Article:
I still love my husband, despite his actions, but I have to say I have lost my respect for him as a human being and never thought he had the capacity to betray me EVER! We have known each other for 37 years and have two wonderful children and built a life together that was very happy for most of our marriage.

    What causes people to become so disloyal on such a visceral level is beyond my comprehension. But what I have realized is this: My husband suffers from low self-esteem and an emotional void and is using his affair as just another way of self-medicating his void. She is just another drug for him. Since he can’t drink, this new drug is his replacement for the alcohol and other substances.

    I have healed much more of late as time does help to heal all wounds. However, on a very profound level, I will never feel the same way about my husband and he has lost all credibility in my eyes. In short, he doesn’t deserve me, and I deserve SO MUCH BETTER!!

    Find your self-dignity all of you who have been betrayed and be open to someone who treats you with love and respect and is emotionally HEALTHY!!! My New Year’s resolution to myself.

    • Edward from Europe says:

      God loves you and requires you to forgive him. When you forgive, you get healed and who knows, your marriage will be restored in Jesus name.

  4. Pixie says:

    (UK)  ”I Hate His/Her Ex” is a book for anyone having difficulty coming to terms with their partner’s past relationships – brilliant read! Available on Amazon or most bookstores – Kindle or paperback!

  5. Lola says:

    (USA)  I have been married for over 27 years. For the past 10 years my husband has been impotent and now has no libido for the past 6 years. He has to take Viagra but doesn’t want to because he doesn’t have the desire to begin with. He has spoken to his doctor about his medications and the doctor said they are a good mix and aren’t contributing to his problem. He is unhappy in his job of over 30 years and is planning to retire next year.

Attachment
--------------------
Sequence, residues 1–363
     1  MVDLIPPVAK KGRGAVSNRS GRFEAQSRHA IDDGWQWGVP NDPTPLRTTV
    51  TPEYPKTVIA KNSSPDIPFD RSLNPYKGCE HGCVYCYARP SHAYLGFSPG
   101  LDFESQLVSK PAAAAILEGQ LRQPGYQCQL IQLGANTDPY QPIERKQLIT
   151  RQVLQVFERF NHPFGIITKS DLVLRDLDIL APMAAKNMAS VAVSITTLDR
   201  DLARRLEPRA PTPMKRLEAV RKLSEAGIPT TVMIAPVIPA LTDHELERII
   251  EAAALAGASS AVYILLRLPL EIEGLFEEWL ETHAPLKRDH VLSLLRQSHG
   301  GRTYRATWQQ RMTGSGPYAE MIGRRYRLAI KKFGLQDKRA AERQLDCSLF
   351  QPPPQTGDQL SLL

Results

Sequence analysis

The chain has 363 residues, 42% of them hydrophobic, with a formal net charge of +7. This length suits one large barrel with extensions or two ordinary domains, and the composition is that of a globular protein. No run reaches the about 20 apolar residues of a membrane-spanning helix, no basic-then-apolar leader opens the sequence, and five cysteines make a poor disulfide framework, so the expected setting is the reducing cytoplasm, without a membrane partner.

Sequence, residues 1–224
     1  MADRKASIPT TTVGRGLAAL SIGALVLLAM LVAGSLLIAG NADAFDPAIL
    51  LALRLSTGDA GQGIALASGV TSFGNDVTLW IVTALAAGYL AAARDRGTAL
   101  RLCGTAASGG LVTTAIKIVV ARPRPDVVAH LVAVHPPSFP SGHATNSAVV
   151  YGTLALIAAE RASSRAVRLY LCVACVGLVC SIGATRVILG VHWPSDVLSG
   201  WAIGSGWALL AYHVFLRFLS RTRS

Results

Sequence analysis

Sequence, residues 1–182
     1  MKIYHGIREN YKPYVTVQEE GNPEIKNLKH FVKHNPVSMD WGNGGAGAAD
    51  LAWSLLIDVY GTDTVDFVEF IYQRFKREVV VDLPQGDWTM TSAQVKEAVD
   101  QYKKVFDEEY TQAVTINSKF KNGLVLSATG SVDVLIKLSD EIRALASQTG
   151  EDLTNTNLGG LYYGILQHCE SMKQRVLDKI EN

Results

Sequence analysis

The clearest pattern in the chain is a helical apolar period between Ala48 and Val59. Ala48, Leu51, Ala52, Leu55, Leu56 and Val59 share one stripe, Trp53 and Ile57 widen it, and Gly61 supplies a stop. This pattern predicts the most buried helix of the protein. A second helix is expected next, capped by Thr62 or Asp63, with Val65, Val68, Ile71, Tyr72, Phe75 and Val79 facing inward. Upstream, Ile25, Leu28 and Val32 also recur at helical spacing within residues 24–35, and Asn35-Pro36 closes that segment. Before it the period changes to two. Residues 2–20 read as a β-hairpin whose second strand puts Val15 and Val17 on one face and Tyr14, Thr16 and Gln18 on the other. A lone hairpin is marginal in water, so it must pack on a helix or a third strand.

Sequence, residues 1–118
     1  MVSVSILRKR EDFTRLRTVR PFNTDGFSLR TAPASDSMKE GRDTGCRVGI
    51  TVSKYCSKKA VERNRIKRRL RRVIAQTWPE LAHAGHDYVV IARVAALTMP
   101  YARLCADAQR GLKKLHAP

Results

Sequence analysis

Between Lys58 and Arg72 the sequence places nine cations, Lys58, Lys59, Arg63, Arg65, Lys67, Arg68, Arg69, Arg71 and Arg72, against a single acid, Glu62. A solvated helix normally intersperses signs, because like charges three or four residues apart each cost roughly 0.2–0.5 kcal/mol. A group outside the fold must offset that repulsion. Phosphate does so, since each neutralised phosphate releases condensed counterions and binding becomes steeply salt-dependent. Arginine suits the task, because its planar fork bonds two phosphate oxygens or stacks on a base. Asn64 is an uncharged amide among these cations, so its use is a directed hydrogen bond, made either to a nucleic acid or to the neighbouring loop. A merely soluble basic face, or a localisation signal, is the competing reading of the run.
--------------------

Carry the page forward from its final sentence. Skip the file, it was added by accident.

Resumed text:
To make a long story shorter, I have had affairs. My last affair was last month and I think it has ended. I am very upset because I put my heart on the line and got hurt. I am not a fool. He has a girlfriend that he doesn’t live with that he says he loves but not sure if he is love with her. Our chemistry and personalities mixed wonderfully. I honestly had high hopes that he was my knight in shining armour. What a fool I was. After our last meeting, the emails have stopped completely. I have asked my husband to go to marriage counseling and he refuses. He does not like to kiss, hug, cuddle, snuggle, or do anything romantic or physical.

    I have told him how much this hurt me and he said this is him, we’ve been together a long time, I watch too many shows like The Bachelor, I am in a dream world, he loves me and sex is not important to him like it was when he was a younger man. To be honest, I was never never all that sexually attracted to him even when I married him but I thought it would grow in time. He was angry with me for years for not wanting sex as much as him and he and I went to counseling many times because of this. But now that the table has turned and things have gotten progressively worse to the point of him being more like a father/brother to me than anything else, he refuses to go to counseling and says that if I don’t like it, to leave. My emotional, sexual, physical needs are not being met. I feel lonely in this marriage.

    Cheating didn’t help but I thought the last man was going to be different. I need to be cherished and loved. Being in a sexless marriage doesn’t mean just the sex is missing, it is everything else…all the sweet gestures and little things. I have asked my husband or a divorce a couple of times and he was very upset and said he would try to improve and knows he has not been much of a lover but that he loves me. Well, he does get warmer and sweeter but just for a week. Life is tough. Just thought I would share. Thanks for reading this. Oh, by the way, not that this matters, but I am considered a very attractive woman. Yes, I am insecure at times.

  6. Adr says:

    (SOUTH AFRICA)  I met a woman through a church activity where we were seeing each other quite frequently. We tried to convince ourselves we were just ‘friends’.